5 Tool Licenses OneSpin Solutions OneSpin provides tool licenses in sufficient numbers to allow for “reasonable” regression turn-around time.
6 Formal Testplan OpenHW Group and OneSpin Solutions ToDo: work with OneSpin to define template.
7 Delivery of Open Source assertion model to support Formal Testplan OneSpin Solutions  
8 Formal Verification of Cores OpenHW Group and OneSpin Solutions See the sub-section 7.4.

Specifications

See rows #1 and #2 in , above. The first step of the process is for the OpenHW Group to develop and deliver:

  • Micro-architecture specifications for both cores. This activity has started and is proceeding under the direction of Davide Schiavone, Director of Engineering for the Cores Task Group.
  • Sail models of each core’s ISA. This activity will be managed by the Verification Task Group. The expectation is that this pre-existing Sail model can be extended for both the CV32E and CVA6 cores, including the PULP ISA extensions.

Compute and Tool Resources

This is rows #4 and #5 in , above. Tool licenses in sufficient numbers to allow for “reasonable” regression turn-around time on CVA6 RTL. These tools will be installed on VMs on the IBM Cloud and will only be accessible by employees/contractors of the OpenHW Group or select ACs actively involved in formal verification work.

Formal Testplans

OpenHW and OneSpin will jointly develop Formal Testplans for both the CV32E and CVA6. The high-level goals of the FTBs will be two-fold:

  1. Prove that the core designs conform to the RISC-V+Pulp-extended ISA. Specifically, every instruction must:
    • decode properly
    • perform the correct function
    • complete as specified (location of results, condition flag settings, etc.)

In particular, the above must be true in the presence or absence of exceptions, interrupts or debug commands.

  1. Prove the logical correctness of the implementation with respect to the micro-architecture (note that not all of these features are support by every CORE-V core):
    • Interface logic
    • Pipeline hazards
    • Exception handling
    • Interrupt handling
    • Debug support
    • Out of order execution
    • Speculative execution
    • Memory management

Formal Testbenches

Conceptually, a formal testbench is a collection of assumptions, assertions and cover statements. The assumptions provide the necessary scaffolding logic in order to support the operation of the formal engines. Examples of these include the identification of clocks, and resets, constraints on clock and reset cycle timing and input wire-protocol constraints. Most assertions in the formal testbench exist to prove one or more items in the Testplan. Covers exist to prove that a specific function has, in fact, been tested. The formal testbench coding is considered complete when all assumptions, assertions and covers are coded.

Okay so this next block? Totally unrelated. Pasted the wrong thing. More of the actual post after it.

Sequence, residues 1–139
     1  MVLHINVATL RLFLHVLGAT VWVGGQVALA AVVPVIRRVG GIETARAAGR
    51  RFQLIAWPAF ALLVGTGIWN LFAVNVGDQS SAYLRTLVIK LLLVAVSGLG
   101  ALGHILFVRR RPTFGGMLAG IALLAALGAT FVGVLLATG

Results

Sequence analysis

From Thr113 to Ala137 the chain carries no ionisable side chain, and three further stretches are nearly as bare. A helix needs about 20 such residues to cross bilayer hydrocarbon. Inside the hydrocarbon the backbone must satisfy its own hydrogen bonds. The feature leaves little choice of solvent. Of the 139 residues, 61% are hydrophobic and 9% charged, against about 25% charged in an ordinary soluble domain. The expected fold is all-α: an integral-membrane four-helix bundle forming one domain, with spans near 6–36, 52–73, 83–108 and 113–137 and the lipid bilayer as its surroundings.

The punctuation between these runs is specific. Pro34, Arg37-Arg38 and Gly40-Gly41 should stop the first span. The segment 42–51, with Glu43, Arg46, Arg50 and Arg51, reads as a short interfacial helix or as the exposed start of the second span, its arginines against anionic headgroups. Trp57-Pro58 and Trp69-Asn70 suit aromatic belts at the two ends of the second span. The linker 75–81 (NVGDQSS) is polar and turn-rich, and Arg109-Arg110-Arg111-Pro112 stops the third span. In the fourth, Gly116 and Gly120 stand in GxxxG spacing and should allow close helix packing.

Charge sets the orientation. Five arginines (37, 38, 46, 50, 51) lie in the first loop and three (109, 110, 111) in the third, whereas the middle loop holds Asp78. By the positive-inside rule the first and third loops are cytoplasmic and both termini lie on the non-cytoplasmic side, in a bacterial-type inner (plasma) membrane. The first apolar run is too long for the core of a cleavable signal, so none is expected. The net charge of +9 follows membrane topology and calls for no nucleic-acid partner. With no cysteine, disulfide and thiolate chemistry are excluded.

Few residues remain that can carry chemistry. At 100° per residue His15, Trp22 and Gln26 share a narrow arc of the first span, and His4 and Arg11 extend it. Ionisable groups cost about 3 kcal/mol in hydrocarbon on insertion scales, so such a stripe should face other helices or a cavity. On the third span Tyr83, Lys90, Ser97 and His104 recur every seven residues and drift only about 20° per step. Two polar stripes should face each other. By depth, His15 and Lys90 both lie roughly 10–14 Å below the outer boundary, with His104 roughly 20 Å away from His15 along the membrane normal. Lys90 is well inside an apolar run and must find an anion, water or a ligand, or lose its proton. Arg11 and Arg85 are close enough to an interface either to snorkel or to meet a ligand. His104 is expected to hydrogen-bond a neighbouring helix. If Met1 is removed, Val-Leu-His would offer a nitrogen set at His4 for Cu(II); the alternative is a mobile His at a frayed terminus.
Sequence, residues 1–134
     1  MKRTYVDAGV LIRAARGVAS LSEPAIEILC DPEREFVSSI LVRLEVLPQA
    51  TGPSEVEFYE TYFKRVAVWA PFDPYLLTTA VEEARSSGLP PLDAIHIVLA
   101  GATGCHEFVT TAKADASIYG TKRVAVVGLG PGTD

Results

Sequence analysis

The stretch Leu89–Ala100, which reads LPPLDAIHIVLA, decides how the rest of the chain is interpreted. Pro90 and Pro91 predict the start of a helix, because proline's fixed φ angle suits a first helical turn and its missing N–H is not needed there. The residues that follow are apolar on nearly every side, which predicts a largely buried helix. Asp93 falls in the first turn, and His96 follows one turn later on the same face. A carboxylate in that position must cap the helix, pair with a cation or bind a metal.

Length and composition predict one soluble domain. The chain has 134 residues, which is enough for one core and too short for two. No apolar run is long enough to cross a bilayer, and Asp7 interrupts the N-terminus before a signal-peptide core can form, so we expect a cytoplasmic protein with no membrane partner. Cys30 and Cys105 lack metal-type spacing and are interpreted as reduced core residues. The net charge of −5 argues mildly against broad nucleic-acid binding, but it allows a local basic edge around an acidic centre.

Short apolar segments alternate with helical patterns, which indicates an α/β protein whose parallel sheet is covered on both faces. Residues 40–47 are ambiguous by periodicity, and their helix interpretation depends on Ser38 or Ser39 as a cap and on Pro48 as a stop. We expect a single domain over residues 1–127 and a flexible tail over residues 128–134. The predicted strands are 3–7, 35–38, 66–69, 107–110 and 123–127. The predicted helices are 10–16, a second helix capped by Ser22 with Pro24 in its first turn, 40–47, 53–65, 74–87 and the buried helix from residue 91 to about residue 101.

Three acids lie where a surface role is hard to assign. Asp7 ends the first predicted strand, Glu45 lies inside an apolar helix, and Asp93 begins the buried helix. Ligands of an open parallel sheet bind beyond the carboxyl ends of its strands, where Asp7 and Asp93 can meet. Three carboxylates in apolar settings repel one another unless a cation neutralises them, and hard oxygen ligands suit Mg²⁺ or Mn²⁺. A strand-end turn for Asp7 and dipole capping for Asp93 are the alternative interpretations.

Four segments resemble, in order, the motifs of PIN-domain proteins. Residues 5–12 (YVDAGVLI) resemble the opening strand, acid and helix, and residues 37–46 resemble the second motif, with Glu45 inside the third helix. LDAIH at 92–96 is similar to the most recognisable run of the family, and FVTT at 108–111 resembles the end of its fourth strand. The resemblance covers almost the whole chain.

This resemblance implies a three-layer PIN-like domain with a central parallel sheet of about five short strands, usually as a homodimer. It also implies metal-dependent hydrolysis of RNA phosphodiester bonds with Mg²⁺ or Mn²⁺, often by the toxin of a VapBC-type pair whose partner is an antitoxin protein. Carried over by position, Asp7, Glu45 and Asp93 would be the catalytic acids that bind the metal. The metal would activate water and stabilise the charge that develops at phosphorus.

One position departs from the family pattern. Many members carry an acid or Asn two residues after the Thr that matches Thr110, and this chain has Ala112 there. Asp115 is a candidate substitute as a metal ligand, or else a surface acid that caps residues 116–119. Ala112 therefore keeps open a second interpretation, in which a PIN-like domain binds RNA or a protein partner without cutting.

OneSpin will initiate development of Formal testbenches (FTB) for CV32E and CVA6 as soon as possible. These FTBs will be open-source, ideally implemented in SystemVerilog, and may be based on OneSpin’s RISC-V Verification App [18].

It is not expected that OneSpin will deliver a complete formal testbench. Rather, OneSpin will deliver a formal testbench that has two specific attributes:

  1. Assertions to prove that the core implementation (RTL model) conforms to the RISC-V+Pulp-extended ISA. The ISA used for this will be the Sail model (see Section X).
  2. Sufficient assumptions, assertions and covers such that ACs from other OpenHW member companies are able to read the Testplan and add the required assumptions, assertions and covers to move the project towards completion.

Formal Verification Workflow

ToDo: add a figure here to illustrate the workflow

The workflow for CORE-V formal verification will be similar to that used by simulation verification. The three key elements of the workflow are:

  • A GitHub centralized repository.
  • Distributing the work across multiple teams in multiple organizations;
  • Continuous Integration. Once the compute environment on the IBM Cloud is established and OneSpin tools deployed, OneSpin will assist OpenHW to generate script-ware to support automated checks whenever a new branch or update is pushed to the central repository. Such check can pinpoint relatively simple errors without running a lot of verification. OpenHW would then maintain these scripts. In addition, there will be scripts for more comprehensive/full regression runs that OpenHW should maintain after initial delivery (if the file list for compilation changes due to RTL re-organization, for example, this needs adaption in the respective compile scripts).

The most significant difference between the simulation and formal verification workflows is that all formal verification will use tools provided by OneSpin Solutions. OneSpin engineers will run either on OneSpin’s own compute infrastructure or on the Virtual Machines provided by IBM and managed by OpenHW. ACs from other member companies will run on the IBM Cloud and use OneSpin tools.

[17]First week of January, 2020.
[18]OneSpin White paper: Assuring the Integrity of RISC-V Cores and SoCs. OneSpin Solutions, 2019.